May 7th - 10:00 AM - Lake County Public Hearing - (Tavares) - Lake County will host a Public Hearing regarding transportation improvements to Round Lake Road at the Lake County Administration Building in the Board Chambers (2nd floor), located at 315 W. Main Street, Tavares, Florida 32778. The County Commission meeting will begin at 10:00am with the public hearing held after that time as determined by the meeting agenda. The Round Lake Road PD&E Study recommendations will be the focus of the public hearing. Click here to learn more about the Round Lake Road Extension Project.
May 9th - 16th - Clean Water Paddle Series - (Pensacola Beach) - Join the Healthy Gulf for the Clean Water Paddle Series every Thursday at 6 pm. Paddleboards, kayaks, canoes—all paddlecraft are welcome. Paddleboards will be available for rental. We’ll paddle around Little Sabine Bay for up to one hour, then enjoy the sunset from The Shaka Bar. Environmental education will be provided before, during, and after the paddle by Healthy Gulf and others. Learn about seagrass, clean water, marine life, and how you can help to protect it all. For more information about the Clean Water Paddle Series please visit Healthy Gulf on Facebook or call 850-687-9968 or email@example.com. Meet at Aloha Wine and Liquor, 649 Pensacola Beach Blvd, Pensacola Beach.
May 16-19 - 39th Annual Florida Native Plant Society Conference - (Crystal River)- Our theme this year "Transitions" is pertinent to the Nature Coast region of Florida in a number of ways - sea level rise, migrations of ecosystems due to climate change, and the transition zone between north and south Florida. You will be delighted by mind-expanding experiences, tempted by sumptuous meals (including vegan, vegetarian, and gluten-free) and amazed by the networking and social opportunities. As always, we will offer an abundance of presentations and workshops. 9301 West Fort Island Trail, Crystal River, FL 34429 . Click here for attendee and vendor registration.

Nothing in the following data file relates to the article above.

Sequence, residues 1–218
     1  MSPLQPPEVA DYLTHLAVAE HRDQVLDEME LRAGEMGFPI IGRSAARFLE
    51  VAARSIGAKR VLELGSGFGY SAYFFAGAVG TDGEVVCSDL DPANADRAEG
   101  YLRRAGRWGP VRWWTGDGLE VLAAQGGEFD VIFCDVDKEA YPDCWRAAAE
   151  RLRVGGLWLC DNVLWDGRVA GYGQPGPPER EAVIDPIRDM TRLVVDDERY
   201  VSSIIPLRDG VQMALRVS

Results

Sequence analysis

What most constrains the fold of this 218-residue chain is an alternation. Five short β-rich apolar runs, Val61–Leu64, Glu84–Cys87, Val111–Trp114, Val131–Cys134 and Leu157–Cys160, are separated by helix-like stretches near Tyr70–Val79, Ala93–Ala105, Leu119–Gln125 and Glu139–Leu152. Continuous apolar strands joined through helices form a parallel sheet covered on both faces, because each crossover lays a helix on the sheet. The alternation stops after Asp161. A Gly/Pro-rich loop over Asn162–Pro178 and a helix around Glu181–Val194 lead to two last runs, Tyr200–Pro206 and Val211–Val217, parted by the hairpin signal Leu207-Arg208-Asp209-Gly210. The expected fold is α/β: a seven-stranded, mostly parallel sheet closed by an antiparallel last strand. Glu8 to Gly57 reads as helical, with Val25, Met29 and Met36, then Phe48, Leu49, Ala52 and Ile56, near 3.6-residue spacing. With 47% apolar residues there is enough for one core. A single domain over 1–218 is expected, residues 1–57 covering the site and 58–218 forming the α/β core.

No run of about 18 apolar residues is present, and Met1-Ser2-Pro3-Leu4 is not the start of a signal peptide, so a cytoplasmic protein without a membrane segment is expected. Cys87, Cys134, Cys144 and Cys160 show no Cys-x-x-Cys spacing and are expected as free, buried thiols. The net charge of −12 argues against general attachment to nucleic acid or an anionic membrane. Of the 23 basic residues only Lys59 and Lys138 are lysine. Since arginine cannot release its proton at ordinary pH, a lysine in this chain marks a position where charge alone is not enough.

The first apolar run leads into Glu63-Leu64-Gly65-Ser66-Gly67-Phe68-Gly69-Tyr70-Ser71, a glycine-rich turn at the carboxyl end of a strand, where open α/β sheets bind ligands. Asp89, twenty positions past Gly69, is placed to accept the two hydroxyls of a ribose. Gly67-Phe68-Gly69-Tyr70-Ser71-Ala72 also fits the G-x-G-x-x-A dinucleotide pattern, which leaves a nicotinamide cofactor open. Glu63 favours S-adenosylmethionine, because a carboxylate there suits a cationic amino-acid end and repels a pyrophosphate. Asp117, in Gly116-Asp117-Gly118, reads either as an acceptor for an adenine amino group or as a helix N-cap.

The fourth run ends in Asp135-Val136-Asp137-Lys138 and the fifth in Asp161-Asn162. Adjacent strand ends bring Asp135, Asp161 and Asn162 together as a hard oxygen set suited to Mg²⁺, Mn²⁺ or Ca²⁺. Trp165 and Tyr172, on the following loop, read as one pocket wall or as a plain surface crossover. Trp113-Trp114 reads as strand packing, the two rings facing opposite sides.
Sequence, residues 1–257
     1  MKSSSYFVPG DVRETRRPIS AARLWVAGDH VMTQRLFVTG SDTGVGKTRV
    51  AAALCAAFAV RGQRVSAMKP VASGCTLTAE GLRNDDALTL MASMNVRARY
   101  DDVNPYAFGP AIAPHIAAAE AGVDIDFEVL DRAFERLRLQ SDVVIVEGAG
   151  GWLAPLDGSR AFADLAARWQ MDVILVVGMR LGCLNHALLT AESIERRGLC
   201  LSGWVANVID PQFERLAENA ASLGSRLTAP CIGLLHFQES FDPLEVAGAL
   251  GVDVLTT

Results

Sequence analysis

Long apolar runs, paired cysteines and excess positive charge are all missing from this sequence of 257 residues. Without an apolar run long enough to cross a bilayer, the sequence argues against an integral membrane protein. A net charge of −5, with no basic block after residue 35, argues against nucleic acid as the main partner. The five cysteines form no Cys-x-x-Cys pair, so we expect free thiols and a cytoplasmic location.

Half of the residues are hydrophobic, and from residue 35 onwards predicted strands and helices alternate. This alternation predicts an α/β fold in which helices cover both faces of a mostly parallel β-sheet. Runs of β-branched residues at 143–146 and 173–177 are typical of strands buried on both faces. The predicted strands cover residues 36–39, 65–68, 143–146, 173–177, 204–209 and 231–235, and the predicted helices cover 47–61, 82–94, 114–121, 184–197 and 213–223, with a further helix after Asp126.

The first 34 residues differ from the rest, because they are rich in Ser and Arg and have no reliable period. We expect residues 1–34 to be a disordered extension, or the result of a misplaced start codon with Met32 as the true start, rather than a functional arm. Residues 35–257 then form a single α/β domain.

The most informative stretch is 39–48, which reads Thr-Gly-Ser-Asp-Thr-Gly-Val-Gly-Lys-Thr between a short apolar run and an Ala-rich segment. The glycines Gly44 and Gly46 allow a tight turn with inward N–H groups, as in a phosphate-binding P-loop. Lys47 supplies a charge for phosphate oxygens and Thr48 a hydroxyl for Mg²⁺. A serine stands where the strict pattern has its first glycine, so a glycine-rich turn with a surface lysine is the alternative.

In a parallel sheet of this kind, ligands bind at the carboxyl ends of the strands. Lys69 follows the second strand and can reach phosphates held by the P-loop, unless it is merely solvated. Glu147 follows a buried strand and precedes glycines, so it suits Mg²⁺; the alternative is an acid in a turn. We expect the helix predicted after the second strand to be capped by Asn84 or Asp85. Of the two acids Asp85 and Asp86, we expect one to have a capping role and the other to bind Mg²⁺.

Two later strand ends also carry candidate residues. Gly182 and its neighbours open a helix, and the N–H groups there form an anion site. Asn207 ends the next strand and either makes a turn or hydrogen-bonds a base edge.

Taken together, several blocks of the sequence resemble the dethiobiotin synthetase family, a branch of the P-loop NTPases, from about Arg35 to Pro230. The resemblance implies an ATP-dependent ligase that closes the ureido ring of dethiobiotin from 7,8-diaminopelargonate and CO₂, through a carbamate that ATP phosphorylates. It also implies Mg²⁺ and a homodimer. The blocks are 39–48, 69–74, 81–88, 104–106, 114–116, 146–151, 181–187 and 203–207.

June 10-14, June 24-28, 2019 - Camp Kids in the Woods at the Austin Cary Forest - (Gainesville) - Is your 6th-9th grade child looking for fun adventure this summer? Consider Camp Kids in the Woods! Campers will conduct various field explorations led by local scientists from forestry, wildlife, and water resources. Highlights include: fishing, handling wildlife, exploring local ecosystems, a trip to a local spring, camping out one night at the Austin Cary Forest, building wildlife nesting boxes, and participating in games and scavenger hunts. After a week of fun in the forest, campers gain a better understanding and deeper appreciation of their natural world and what is required to be a good steward of the environment. Camp Kids in the Woods summer program is a collaborative effort between the University of Florida’s School of Forest Resources and Conservation and the USDA Forest Service. Session 1: June 10-14, 2019; Session 2: June 24-28, 2019. For more information and to register visit: www.campkidsinthewoods.org , or contact the Camp Director, Molly Disabb at firstname.lastname@example.org